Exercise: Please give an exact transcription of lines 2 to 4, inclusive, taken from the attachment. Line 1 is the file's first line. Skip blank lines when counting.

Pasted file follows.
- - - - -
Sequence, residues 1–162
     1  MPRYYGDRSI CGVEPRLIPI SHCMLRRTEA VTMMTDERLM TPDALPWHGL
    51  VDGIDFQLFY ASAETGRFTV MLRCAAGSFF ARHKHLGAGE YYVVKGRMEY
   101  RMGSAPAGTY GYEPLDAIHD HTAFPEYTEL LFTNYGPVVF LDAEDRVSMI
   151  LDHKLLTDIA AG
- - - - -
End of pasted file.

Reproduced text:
     1  MPRYYGDRSI CGVEPRLIPI SHCMLRRTEA VTMMTDERLM TPDALPWHGL
    51  VDGIDFQLFY ASAETGRFTV MLRCAAGSFF ARHKHLGAGE YYVVKGRMEY
   101  RMGSAPAGTY GYEPLDAIHD HTAFPEYTEL LFTNYGPVVF LDAEDRVSMI